Tuesday, 20 July 2010

songwriting help on the web

Seem to be having a little (free time) problem with picking up the guitar for anything but the most minimal practice sessions these days but hey.... what about songwriting?

It is a small issue these days but rhyming does seem to add a little something to a song lyric. There are of course, as you would expect, lots of sites offering help on the web. here are a few which you may find helpful.

Rhymer is a free on-line rhyming dictionary, offering six different types of rhyme. This seems to be a very wide ranging search of words that give both storng and weak rhymes. You may find you need to be selective. But on the other hand, the more rhymes you have the more creative you can be.

WIKI rhymer, claims to be the best on-line rhyming dictionary. A claim I have not substantiated but why not try it for yourself. It seems to have a separate engine for weak rhymes ( eg those rhymes which are almost but not quite there but will work in the right place)

Write _express seems to use Rhymer (see above)

Ultimate songwriting.com is a site with lots of tips ( it claims) for writing good songs, this link is to the page on how to use rhymes. It is a blatantly comercial site, but it is up to you to pick what you need from its many pages of tips, etc. It also has a page dedicated to using a rhyming dictionary, and cautions using a rhyme for its own sake, make sure it fits naturally.

Michael Thomas has written a comprehensive explanation of the different types of rhyme. A good idea to at least understand the main points.

Song writing fever 3 has a page on using rhymes. Why and how. A short tutorial but opens the way to more information.

A short article on rhyming ( Samantha Gonzalez), again you are urged to be natural and consider wether you need to rhyme at all. Something the commercial sites selling rhyming dictionaries or software never mention.

OK, I have just proved that I can use Google. And now I am proving that I can use my Amazon associate links.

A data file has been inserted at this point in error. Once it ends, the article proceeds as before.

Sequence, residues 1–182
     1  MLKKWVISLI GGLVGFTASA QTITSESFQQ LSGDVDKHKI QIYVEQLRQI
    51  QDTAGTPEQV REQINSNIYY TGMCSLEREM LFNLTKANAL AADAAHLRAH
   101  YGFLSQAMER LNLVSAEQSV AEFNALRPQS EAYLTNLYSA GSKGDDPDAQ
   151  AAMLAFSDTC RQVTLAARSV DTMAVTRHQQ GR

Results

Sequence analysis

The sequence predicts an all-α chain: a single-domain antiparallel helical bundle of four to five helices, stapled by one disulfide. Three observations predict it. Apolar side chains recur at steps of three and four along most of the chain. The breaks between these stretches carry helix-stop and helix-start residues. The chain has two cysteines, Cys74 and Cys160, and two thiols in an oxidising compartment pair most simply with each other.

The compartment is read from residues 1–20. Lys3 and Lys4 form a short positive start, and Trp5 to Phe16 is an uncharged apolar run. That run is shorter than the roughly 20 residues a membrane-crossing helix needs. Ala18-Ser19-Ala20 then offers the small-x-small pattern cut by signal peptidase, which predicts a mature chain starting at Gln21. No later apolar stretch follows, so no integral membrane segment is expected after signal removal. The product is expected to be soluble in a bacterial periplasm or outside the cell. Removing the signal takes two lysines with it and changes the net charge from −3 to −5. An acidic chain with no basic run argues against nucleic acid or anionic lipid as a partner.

But seriously, lyrics have to sound good. It should go without saying but writers do try and force lyrics to do what they are told is the right thing. This only leads to a loss of the natural flow of the words and becomes to sound stilted. I know it happens (and even in classic songs), but the use of a natural sounding lyric keeps the listener involved. Leave the breaking of rules to those who can get away with it, a good vocallist can makethe telephone book sound interesting. If you are just learning or want to raise your standard a notch - take some advice and make it sound natural.

I guess you know the sort of thing I am getting at, the order of words is changed to force a rhyme - something you would never hear in ordinary speech. I think this is a death knell to most popular songs, the listener is trying to work out what happened and loses the song altogether.

( note to myself..... I am writing this on the fly. Will be back to add in a couple of examples)

Now, Do I ever use a rhyming dictionary? The answer is no! I let my lyrics come as naturally as possible. The rhyme is the least of my problems. I sometimes run thru a list in my head of simple, single syllable rhymes by changing the first letter in a word. Perhaps my lyrics would be more sophisticated if I used two syllable or weak (near) rhymes but that is debatable. I guess my best advice is as quoted above. Stay natural and do not force a rhyme for the sake of that rhyme.

OK thanks for getting this far, I will try to get back sooner next time and perhaps get down to choosing a subject.